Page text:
The relationship between self-compassion and chronic depression: a cross-sectional clinical study

José Eduardo da Silva, Sónia Catarina Simões


Background: At present, depression is the world’s most common psychopathology. Self-compassion is a psychological concept that has shown promise regarding its impact on psychopathology. Despite a vast literature studying the relationship between depression and self-compassion, few studies about this association were done in clinical samples.

Goals: This study sought to analyze the associations between self-compassion, its dimensions and symptomatology of depression, during and after a therapeutic intervention.

Methods: A non-probabilistic sampling method was used. All participants had been diagnosed with persistent depression disorder (dysthymia) and were treated in a residential therapeutic community for a period of six to eight months. The original sample was divided into two groups: during (In-Treatment) and after treatment (one-year Post-Treatment). The assessment protocol was composed of Beck Depression Inventory (BDI II), Self-Compassion Scale (SELFCS) and sociodemographic characterization.

Results: The sample was composed of 63 participants, 28 females and 35 males (age: M = 32.84, SD = 10.24). Women presented lower levels of self-kindness and self-compassion (total score), and higher levels of all the negative dimensions of SELFCS. Patients with moderate or severe symptoms of depression indicated a lower total score of self-compassion as well as higher scores in all the negative dimensions; patients having undergone previous treatments showed higher levels of symptomatology of depression. The group assessed after the intervention presented higher levels of self-compassion and lower levels of over-identification, when compared to the group that was assessed still undergoing treatment. Finally, the self-judgment dimension of the SELFCS stands out as a predictor of depression for the total sample and the SELFCS’s isolation dimension is a predictor of BDI’s scores for the group undergoing treatment.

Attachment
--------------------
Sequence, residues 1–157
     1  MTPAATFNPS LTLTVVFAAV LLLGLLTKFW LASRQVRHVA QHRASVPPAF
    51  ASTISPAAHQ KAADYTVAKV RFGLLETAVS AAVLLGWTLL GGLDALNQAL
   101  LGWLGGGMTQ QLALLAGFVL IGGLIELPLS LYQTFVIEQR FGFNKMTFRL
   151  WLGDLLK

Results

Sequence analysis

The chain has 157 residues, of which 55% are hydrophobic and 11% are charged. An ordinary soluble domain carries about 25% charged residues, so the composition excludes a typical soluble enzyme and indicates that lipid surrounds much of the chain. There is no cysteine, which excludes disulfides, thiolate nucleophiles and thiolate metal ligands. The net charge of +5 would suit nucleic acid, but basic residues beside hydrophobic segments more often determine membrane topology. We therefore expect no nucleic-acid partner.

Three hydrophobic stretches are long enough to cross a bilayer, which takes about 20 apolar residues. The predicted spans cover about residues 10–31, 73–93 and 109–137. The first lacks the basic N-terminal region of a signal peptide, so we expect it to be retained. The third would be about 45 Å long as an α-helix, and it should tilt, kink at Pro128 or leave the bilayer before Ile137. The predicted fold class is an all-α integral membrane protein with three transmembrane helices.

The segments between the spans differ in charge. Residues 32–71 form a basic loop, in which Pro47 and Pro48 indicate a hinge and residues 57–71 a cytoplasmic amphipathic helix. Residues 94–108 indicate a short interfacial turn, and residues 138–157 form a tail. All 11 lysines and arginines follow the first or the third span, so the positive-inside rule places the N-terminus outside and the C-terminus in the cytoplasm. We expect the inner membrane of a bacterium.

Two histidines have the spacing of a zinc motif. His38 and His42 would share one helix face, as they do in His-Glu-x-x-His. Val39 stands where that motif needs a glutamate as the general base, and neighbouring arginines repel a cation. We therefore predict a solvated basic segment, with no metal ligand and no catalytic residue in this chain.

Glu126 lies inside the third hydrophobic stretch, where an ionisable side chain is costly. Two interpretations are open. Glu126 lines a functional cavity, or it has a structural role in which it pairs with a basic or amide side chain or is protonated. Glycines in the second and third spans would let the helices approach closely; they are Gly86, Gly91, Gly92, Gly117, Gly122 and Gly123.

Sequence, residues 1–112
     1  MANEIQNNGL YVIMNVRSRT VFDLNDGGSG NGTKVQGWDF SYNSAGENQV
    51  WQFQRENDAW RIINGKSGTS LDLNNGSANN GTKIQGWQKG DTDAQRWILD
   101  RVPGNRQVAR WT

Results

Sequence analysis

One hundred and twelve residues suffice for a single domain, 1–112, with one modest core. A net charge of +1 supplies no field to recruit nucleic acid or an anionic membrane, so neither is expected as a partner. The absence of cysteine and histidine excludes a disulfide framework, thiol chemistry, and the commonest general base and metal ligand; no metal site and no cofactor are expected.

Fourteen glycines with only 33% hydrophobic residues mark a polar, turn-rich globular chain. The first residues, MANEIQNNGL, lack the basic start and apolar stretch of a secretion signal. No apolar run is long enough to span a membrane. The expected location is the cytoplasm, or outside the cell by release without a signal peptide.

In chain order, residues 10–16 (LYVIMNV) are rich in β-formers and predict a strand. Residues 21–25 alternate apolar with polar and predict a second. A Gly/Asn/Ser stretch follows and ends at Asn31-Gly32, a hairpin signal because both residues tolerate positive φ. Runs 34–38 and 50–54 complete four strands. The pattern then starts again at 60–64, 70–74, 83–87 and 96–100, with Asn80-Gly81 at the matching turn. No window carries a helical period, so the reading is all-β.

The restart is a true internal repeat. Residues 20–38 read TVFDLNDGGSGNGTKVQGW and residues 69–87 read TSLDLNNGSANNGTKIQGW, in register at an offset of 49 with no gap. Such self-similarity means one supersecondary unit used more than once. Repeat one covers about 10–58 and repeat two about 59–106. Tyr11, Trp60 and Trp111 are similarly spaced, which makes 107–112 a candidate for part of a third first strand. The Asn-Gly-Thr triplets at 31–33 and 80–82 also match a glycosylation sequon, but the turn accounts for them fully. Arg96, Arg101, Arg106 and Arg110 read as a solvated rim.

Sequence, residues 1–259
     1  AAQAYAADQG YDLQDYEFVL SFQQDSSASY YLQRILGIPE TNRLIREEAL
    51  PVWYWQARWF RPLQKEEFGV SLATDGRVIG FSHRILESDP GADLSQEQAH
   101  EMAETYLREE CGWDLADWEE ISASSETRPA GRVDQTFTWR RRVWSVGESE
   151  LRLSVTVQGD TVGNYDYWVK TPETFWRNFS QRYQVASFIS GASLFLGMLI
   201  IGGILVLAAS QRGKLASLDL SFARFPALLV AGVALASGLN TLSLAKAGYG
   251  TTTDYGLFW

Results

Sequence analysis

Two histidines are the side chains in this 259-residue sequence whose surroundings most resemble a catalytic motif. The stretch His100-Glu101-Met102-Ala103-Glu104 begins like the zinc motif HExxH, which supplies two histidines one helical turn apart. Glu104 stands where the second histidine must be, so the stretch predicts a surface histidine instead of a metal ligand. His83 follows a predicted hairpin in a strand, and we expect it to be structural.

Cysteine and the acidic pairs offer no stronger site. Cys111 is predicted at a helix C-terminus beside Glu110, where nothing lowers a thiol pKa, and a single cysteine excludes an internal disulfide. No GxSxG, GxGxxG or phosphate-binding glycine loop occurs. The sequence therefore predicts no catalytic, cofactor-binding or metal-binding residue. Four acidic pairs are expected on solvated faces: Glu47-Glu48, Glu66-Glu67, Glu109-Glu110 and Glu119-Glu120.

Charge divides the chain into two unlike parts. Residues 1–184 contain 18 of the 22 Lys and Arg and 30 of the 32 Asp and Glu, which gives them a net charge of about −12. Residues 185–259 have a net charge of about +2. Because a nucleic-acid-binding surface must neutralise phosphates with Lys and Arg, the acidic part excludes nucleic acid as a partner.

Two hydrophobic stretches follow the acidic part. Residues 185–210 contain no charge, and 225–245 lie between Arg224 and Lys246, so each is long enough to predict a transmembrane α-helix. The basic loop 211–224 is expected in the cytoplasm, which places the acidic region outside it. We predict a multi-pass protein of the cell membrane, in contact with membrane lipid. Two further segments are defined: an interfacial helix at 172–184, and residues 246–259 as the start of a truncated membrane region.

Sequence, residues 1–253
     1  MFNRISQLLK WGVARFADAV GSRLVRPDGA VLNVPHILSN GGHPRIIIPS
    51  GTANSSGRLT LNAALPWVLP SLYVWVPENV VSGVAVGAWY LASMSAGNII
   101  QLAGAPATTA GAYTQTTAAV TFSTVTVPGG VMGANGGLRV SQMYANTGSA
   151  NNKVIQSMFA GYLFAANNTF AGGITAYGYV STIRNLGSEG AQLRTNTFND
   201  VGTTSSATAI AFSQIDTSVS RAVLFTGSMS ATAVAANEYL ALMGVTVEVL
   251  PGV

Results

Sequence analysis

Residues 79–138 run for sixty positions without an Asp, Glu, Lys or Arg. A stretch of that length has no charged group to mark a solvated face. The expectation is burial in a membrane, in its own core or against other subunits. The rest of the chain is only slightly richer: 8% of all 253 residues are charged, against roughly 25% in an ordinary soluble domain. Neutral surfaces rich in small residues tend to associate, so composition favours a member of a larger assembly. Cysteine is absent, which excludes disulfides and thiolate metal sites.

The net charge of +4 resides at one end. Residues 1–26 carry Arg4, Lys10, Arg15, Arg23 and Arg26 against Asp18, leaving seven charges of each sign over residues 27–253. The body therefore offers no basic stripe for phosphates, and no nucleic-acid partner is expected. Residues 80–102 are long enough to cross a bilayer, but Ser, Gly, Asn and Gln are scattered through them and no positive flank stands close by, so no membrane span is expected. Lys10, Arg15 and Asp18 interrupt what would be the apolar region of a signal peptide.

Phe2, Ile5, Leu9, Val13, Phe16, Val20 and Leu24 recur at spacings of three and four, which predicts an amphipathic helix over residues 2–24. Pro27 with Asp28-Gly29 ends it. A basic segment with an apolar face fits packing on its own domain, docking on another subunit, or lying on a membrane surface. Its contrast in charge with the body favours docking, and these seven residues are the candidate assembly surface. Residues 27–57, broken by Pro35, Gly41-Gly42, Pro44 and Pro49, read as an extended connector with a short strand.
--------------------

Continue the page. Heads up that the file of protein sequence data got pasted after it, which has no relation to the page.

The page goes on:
Discussion: Although most of the results are in line with similar findings of the existing literature about the relationship between the studied variables, some were unexpected, and may guide the direction of future studies and the application of these concepts within the clinical context.


Chronic Depression, Dysthymic disorder, Self-Compassion, Self-Judgment

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